The new guidelines come after a firestorm of protest involving two episodes in the hunt for government leakers: a secret Justice Department subpoena of almost two months of telephone records for 21 phone lines used by reporters and editors for The Associated Press and the use of a secret warrant to obtain some emails of a Fox News journalist.
The Justice Department said it will now create a “News Media Review Committee” to advise its top officials when the department seeks media-related records in investigations.
Among other things, the government will have to give advance notice to the news media about subpoena requests for reporters' phone records unless the attorney general determines that "for compelling reasons" such notice would pose a clear and substantial threat to the integrity of the leak investigation.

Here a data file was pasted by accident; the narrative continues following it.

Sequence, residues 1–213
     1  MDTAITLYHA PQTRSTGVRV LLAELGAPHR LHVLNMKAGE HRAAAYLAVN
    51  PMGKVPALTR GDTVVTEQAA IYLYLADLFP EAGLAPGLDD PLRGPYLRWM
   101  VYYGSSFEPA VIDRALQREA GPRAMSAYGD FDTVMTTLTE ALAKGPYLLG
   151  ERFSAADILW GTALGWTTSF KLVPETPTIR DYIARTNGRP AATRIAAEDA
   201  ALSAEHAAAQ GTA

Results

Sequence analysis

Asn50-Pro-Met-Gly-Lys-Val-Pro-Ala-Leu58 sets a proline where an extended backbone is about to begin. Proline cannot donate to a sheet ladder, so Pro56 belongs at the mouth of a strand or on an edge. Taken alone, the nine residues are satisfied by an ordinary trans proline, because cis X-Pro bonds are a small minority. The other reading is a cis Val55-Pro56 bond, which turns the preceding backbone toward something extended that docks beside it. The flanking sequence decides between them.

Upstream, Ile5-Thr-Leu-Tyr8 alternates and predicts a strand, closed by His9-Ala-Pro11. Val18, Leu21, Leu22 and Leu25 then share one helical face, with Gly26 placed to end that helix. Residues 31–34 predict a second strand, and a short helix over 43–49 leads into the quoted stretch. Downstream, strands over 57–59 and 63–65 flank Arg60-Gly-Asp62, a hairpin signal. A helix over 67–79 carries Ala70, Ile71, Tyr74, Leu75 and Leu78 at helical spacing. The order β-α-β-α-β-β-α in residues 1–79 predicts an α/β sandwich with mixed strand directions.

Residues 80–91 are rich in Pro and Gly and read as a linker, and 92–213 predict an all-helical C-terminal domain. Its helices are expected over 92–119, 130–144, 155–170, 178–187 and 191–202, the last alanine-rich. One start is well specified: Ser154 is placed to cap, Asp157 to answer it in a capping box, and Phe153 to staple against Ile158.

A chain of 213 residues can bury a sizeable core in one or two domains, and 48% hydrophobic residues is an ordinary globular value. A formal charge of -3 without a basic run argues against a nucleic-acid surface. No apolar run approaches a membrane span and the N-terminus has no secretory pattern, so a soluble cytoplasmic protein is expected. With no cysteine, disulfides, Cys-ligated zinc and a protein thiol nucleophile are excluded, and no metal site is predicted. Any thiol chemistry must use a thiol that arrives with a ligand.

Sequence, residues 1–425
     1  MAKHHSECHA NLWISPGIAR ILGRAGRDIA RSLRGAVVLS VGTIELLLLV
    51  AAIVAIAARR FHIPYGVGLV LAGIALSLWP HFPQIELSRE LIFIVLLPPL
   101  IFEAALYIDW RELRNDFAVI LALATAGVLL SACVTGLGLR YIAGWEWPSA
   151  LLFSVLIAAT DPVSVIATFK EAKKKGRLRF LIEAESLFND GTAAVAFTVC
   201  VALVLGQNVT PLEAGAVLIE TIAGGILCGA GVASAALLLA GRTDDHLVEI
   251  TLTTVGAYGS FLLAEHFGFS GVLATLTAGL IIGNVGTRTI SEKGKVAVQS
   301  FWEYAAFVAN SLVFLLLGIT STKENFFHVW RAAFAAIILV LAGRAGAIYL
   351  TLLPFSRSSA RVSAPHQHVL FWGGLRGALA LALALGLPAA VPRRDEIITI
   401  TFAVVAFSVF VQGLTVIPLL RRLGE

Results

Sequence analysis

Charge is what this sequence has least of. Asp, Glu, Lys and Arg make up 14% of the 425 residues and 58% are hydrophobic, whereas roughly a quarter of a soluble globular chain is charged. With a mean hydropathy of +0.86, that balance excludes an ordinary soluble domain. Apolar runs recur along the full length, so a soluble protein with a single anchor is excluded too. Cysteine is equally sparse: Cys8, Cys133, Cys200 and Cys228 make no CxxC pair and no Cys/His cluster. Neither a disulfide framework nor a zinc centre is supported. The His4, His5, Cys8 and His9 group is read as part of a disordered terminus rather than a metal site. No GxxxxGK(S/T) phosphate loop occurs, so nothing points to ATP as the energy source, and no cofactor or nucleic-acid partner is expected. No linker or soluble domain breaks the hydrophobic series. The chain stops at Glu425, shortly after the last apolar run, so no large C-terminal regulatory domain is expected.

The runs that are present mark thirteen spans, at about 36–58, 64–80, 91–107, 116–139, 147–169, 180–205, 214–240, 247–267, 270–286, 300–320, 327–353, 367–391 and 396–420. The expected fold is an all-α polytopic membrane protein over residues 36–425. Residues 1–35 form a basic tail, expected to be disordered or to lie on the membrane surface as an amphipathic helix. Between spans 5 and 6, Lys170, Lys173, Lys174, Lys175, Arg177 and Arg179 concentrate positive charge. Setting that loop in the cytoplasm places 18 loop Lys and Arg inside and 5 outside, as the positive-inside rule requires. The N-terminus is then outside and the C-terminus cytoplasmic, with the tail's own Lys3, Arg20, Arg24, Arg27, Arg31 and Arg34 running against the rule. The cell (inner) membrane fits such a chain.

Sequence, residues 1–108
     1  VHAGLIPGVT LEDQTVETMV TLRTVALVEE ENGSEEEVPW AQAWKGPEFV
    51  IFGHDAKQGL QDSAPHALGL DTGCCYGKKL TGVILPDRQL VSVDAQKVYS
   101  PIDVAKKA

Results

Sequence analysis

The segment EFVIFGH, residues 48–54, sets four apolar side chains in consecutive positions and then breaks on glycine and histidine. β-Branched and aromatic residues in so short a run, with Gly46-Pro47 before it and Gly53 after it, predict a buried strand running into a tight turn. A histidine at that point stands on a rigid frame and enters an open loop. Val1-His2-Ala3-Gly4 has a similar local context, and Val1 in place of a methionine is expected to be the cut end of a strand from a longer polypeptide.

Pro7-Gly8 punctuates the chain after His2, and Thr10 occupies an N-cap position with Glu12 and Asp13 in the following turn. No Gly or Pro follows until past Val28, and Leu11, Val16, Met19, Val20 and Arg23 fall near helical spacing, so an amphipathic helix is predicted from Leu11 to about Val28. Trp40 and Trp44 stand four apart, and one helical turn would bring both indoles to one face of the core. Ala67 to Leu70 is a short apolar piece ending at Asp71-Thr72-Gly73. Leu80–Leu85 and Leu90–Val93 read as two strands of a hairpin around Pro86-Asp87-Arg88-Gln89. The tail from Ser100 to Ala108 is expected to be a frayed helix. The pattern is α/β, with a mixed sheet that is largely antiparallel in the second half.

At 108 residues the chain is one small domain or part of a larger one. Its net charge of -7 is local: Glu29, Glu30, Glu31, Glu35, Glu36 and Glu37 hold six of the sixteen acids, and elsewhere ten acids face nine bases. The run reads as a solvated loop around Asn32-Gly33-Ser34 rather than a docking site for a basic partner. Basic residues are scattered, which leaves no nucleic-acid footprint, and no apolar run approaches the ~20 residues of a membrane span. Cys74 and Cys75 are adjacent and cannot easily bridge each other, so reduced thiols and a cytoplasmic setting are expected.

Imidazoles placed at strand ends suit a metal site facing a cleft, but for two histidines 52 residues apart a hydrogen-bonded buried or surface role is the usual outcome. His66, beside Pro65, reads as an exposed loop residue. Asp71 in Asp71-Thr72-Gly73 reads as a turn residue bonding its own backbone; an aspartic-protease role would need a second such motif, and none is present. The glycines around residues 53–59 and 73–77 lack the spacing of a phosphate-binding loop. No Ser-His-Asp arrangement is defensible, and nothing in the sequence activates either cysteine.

"It is expected that only the rare case would present the attorney general with the requisite compelling reasons to justify a delayed notification," the Justice Department report issued Friday said.
Also under the new guidelines, the government will issue search warrants directed at a reporter's email only when that reporter is the focus of a criminal investigation for conduct not connected to ordinary newsgathering activities.